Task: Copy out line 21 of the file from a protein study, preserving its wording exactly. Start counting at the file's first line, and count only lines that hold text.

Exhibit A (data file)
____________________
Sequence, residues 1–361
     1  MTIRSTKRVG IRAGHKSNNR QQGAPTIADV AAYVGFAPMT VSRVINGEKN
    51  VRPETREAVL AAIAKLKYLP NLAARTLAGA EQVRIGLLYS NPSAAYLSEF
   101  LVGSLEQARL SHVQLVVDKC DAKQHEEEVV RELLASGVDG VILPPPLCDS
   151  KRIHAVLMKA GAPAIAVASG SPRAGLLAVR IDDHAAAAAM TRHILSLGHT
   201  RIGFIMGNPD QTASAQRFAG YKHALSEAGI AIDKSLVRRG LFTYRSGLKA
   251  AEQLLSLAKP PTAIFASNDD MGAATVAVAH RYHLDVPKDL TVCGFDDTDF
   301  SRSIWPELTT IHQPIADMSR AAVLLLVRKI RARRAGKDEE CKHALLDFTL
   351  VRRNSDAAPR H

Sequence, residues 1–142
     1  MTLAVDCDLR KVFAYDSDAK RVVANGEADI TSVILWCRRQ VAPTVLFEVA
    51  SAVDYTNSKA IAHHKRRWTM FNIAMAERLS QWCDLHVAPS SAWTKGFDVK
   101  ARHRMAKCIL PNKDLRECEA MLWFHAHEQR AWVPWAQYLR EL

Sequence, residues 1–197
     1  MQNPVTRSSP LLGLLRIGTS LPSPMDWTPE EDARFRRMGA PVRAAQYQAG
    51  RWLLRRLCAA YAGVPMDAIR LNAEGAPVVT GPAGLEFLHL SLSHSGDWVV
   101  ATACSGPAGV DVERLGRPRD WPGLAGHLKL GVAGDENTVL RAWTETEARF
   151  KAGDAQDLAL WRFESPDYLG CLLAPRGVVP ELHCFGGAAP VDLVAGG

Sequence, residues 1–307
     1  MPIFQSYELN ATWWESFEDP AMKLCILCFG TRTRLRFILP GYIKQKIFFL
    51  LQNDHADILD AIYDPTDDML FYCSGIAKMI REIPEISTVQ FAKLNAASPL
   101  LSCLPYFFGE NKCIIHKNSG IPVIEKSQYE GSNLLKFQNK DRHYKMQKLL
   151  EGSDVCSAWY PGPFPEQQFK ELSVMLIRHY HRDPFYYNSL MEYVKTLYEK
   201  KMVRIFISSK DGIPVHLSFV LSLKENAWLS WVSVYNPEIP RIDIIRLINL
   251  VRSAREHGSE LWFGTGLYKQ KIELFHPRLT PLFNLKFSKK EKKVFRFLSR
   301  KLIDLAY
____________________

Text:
    51  LQNDHADILD AIYDPTDDML FYCSGIAKMI REIPEISTVQ FAKLNAASPL